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GERMANY

UBS data snapped from computer screen: report

A tax-dodging spat involving the Swiss bank UBS and Germany took a fresh twist after a Swiss daily reported on Tuesday that German authorities were using simple photos taken by a UBS worker of an office computer screen.

UBS data snapped from computer screen: report
Photo: UBS

"The data was photographed from a (computer) screen and pieced together bit by bit," lawyer Jorg Schauf, representing a UBS client, told the Tages Anzeiger.

Describing the quality of the information obtained by the German state of North Rhine-Westphalia as "remarkable", Schauf blamed the "work of an internal source" for the leak.

Many banks have worked to shore up internal security protocols since client's private information began to find its way to German tax investigators in 2007, which this latest method circumvents.

"Everything is in (the photographs)," said Schauf, including a complete overview of clients' assets, their wealth before and after the global
financial crisis and the names of their advisers at the bank.

The data handed over contains information on assets worth more than 3.5 billion francs ($3.8 billion), with the most recent information dating back to March 2010, the daily reported.

New procedures are being introduced at the bank, a UBS spokesman said.

A tax deal between the two countries aimed at ending such exchanges is proving elusive after Germany's upper house — the Bundesrat — blocked ratification last month.

Under the terms of the double taxation agreement signed by ministers from both countries earlier this year, German citizens with assets parked in Switzerland's notoriously secretive banks faced paying a tax rate of 26.4 percent on their holdings.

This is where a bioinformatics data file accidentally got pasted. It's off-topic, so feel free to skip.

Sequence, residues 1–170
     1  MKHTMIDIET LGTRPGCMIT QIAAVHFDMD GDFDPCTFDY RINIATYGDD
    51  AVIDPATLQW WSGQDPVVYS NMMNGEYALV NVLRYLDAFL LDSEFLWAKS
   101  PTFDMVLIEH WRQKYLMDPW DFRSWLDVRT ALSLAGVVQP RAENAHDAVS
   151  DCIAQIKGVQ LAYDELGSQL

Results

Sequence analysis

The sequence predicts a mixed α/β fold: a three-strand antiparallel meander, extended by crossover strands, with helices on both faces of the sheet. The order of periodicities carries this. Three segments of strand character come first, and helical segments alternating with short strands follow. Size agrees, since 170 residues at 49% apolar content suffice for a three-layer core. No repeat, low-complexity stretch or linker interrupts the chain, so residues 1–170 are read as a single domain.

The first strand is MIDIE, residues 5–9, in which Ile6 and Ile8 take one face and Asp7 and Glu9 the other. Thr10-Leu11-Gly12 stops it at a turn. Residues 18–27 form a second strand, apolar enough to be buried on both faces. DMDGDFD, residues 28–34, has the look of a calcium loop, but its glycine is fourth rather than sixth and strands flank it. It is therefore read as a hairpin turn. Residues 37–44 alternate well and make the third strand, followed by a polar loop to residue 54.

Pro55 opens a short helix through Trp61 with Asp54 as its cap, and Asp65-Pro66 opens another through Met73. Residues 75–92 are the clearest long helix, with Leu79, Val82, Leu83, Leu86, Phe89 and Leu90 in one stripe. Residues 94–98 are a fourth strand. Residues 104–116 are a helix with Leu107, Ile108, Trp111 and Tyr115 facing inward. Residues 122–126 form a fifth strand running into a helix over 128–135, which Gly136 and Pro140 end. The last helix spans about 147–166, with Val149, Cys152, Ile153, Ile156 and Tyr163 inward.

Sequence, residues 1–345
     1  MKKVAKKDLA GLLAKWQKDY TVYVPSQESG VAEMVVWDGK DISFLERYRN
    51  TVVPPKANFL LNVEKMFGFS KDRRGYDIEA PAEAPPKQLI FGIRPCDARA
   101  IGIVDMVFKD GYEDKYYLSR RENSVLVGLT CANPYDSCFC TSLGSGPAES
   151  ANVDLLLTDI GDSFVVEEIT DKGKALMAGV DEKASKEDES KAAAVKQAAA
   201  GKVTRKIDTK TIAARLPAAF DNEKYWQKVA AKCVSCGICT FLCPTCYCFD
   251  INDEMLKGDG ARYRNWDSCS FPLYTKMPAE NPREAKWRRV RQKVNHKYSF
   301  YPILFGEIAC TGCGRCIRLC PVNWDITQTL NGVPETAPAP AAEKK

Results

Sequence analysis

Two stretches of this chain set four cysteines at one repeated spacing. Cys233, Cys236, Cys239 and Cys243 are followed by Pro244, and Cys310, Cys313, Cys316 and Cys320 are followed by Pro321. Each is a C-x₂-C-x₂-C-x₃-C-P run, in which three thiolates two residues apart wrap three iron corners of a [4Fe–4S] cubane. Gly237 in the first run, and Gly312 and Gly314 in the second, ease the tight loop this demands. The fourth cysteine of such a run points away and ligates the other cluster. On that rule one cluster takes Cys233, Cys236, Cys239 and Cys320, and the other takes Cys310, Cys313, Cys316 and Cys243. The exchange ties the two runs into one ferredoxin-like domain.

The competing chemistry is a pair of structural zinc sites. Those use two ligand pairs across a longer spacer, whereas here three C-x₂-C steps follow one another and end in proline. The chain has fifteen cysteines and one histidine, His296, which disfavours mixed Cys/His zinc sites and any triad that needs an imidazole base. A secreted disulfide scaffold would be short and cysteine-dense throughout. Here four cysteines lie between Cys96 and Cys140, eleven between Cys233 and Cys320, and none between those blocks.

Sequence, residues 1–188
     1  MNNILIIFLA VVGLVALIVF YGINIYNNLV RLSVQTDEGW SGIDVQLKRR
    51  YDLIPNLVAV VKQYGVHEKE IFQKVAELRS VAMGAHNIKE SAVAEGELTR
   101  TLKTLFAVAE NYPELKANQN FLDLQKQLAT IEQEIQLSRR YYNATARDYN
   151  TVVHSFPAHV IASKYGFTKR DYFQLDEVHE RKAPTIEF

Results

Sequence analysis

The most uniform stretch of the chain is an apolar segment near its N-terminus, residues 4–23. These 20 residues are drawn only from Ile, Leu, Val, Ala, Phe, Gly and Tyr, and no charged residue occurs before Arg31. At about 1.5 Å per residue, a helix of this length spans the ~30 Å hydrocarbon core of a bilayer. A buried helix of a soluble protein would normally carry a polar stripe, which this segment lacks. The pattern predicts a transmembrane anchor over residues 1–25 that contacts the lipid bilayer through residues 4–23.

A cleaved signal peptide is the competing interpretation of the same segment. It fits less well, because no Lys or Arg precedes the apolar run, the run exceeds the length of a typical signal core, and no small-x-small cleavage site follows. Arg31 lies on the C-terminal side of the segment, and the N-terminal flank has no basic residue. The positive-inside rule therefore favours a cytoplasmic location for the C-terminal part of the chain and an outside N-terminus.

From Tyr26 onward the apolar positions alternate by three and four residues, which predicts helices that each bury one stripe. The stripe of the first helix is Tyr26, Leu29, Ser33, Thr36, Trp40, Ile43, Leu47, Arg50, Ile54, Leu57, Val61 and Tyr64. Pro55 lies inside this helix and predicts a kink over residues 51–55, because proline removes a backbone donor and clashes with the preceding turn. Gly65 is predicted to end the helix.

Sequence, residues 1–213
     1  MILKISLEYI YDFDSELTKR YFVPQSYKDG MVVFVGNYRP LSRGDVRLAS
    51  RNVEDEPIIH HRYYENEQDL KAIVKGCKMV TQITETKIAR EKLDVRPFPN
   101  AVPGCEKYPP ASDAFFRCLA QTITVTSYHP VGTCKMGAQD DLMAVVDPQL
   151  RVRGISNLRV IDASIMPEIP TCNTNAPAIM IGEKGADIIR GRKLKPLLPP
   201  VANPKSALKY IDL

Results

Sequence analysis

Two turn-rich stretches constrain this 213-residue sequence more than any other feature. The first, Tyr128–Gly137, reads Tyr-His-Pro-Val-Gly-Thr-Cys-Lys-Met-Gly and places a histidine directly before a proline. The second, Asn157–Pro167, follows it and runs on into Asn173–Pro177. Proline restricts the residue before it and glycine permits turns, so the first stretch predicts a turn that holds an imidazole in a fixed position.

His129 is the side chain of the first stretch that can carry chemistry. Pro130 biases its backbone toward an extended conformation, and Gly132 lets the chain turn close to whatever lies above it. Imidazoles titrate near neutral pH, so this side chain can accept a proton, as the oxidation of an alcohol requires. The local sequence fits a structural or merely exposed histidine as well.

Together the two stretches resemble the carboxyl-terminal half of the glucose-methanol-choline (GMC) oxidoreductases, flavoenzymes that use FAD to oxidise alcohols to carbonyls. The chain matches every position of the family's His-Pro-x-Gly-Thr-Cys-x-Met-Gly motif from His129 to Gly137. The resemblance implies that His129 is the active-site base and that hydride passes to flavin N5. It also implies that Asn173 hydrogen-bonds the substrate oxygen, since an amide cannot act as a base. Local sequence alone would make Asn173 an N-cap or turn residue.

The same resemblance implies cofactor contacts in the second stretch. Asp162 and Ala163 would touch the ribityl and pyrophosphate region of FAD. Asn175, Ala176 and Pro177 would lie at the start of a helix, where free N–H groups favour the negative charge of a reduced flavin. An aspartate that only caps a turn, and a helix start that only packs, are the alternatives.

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TRAVEL

Travel: Are neighbouring countries still open to Swiss tourists?

Borders between Switzerland and its neighbours are open. But given high coronavirus infection rates, border nations have tightened their entry requirements.

Travel: Are neighbouring countries still open to Swiss tourists?
Good old days in Paris. Photo by AFP

Yes, people from Switzerland can still to go to France, Germany, Italy and Austria, but it is not as easy as it was before the second wave of Covid-19 swept the entire region.

Of the four states bordering Switzerland, Austria is the easiest to enter.

For the time being, it does not restrict travellers from Switzerland. The borders remain open and no quarantine or Covid test is required for Swiss residents.

Like Austria, Italy has not to date implemented any access restrictions or quarantine requirements for Switzerland. The only condition set by the Italian authorities is that each person entering the country must complete a form declaring that they have not tested positive for Covid-19. Otherwise, it is necessary to observe a 14-day quarantine. 

However, before travelling south of the border keep in mind that Italian cinemas and theaters are closed, and restaurants must stop serving their customers at 6 pm. The authorities have also imposed a night curfew from 10 pm until 5 am.


READ MORE: How will lockdowns in France and Germany affect Swiss residents? 

 

France

Since October 30th, France has been in lockdown, which will last until at least December 1st. As such, travel on French territory is prohibited, except in well-defined cases — including trips to get to work, trips to buy essential goods, or trips for compelling family reasons — and on presentation of an ‘exit certificate’.

Germany

Unlike France, Germany has not implemented a new shutdown. However, restaurants, bars and leisure facilities like theaters and cinemas are closed until December.

German Foreign Minister Heiko Maas said last week that the country's borders with its neighbours, including Switzerland, would remain open.

Gemany already placed Switzerland on its quarantine list on October 22nd, because Swiss Covid infection rates exceed those of its neighbour.

This means that anyone who enters from Switzerland must be tested on arrival in Germany. The tested person must then quarantine until the result comes through.

But the German state of Baden-Württemberg, which borders Switzerland, exempts Swiss arrivals from quarantine, under some conditions.

For example, those crossing the border from Switzerland to visit family and friends will be permitted to do so without quarantine, provided they do not stay longer than 48 hours. 

Baden-Württemberg's authorities are also allowing residents of Appenzell, Aargau, Basel, Basel-Country, Jura, Schaffhausen, Solothurn, St. Gallen, Thurgau and Zurich to come to Germany without being tested, as long as they stay no longer than 24 hours.

 

 

 

 

 

 

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